The maximum elevation - or suction head - for an open tank depends on the atmospheric pressure - which in general can be regarded as constant, and the vapor pressure of the fluid - which in general vary with temperature, especially for water.
The absolute vapor pressure of water at temperature 20 oC is 2.3 kN/m2. The maximum theoretical elevation of a pump when pumping water at 20 oC is therefore:
he = (101.33 kN/m2) / (9.80 kN/m3) - (2.3 kN/m2) / (9.80 kN/m3)
= 10.1 m
Due to head loss in the suction pipe and the local conditions inside the pump - the theoretical maximum elevation normally is significantly decreased.
Maximum theoretical elevation of a pump above an open tank at different water temperatures are indicated below.
Suction head for water - or max. elevation of a pump above a water surface - is affected by the temperature of the water - as indicated below:
|Temperature||abs Vapor Pressure||Reduction in Suction Lift||Suction Head|
Note! - as indicated in the table above hot water can be difficult to pump. To limit cavitation in a hot water system
|Reduction in Suction Lift |
Note that the NPSH specifications provided by manufacturers in general are for use with cold water. For hydrocarbons these values must be lowered to account for vapor release properties of complex organic liquids.
|abs Vapor Pressure |
The head developed by a pump is independent of liquid and a performance curve for water can be used for Newtonian liquids like gasoline, diesel or similar. Note that the required power to the pump depends on the liquid density and must be recalculated.
NPSH calculations might be modified if there is significant amount of dissolved gas in a liquid. The gas saturation pressure is often much higher than a liquid's vapor pressure.
Piping systems and pumps - centrifugal pumps, displacement pumps - cavitation, viscosity, head and pressure, power consumption and more.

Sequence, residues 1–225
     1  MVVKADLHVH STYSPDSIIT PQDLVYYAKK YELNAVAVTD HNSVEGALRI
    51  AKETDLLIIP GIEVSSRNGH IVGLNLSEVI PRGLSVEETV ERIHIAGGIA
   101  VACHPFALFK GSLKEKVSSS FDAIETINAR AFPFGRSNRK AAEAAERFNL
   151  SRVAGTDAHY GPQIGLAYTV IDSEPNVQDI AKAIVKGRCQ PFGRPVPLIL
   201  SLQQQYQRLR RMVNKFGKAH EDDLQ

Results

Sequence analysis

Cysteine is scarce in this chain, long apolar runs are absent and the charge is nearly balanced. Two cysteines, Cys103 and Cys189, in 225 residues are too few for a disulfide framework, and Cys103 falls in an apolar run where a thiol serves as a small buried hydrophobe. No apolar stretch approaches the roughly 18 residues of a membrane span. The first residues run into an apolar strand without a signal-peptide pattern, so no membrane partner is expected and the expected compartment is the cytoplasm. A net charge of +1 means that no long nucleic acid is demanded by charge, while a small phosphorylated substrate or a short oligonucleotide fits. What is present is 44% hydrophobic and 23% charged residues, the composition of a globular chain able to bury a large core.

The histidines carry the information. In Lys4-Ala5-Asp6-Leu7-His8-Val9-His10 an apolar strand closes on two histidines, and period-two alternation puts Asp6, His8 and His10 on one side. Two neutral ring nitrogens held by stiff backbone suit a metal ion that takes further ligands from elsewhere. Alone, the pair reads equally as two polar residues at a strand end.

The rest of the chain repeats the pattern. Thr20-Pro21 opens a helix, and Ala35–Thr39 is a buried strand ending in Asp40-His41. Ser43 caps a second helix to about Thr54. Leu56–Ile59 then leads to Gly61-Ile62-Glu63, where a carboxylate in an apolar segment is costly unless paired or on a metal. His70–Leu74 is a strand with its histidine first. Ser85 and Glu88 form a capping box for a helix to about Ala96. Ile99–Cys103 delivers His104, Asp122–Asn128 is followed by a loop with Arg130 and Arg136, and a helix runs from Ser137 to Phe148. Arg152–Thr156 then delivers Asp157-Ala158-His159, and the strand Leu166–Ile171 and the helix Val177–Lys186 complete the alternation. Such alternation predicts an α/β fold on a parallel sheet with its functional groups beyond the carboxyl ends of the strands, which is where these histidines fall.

An introduction to Centrifugal Pumps.
High temperatures and danger of impeller cavitation is the major challenge for condensate pumping in steam systems.
The Mechanical Energy Equation compared to the Extended Bernoulli Equation.
Introduction tutorial to positive displacement pumps basic operating principles.
Pressure vs. head units - like lb/in2, atm, inches mercury, bars, Pa and more.
Horsepower required to pump water.
Turbo machines affinity laws can be used to calculate volume capacity, head or power consumption in centrifugal pumps when changing speed or wheel diameters.
Centrifugal pumps vs. positive displacement pumps.
The suction head of a water pump is affected by its operating altitude.
Suction Specific Speed can be used to determine stable and reliable operations for pumps with max efficiency without cavitation.
Static pressure vs. pressure head in fluids.
Recommended max. pump suction flow velocity for viscous fluids.
Online calculator, figures and tables showing boiling points of water at pressures ranging from 14.7 to 3200 psia (1 to 220 bara). Temperature given as °C, °F, K and °R.
Recommended max. water flow velocities on suction sides of pumps.
Add standard and customized parametric components - like flange beams, lumbers, piping, stairs and more - to your Sketchup model with the Engineering ToolBox - SketchUp Extension - enabled for use with the amazing, fun and free SketchUp Make and SketchUp Pro . Add the Engineering ToolBox extension to your SketchUp from the Sketchup Extension Warehouse!
We don't collect information from our users. Only emails and answers are saved in our archive. Cookies are only used in the browser to improve user experience.
Some of our calculators and applications let you save application data to your local computer. These applications will - due to browser restrictions - send data between your browser and our server. We don't save this data.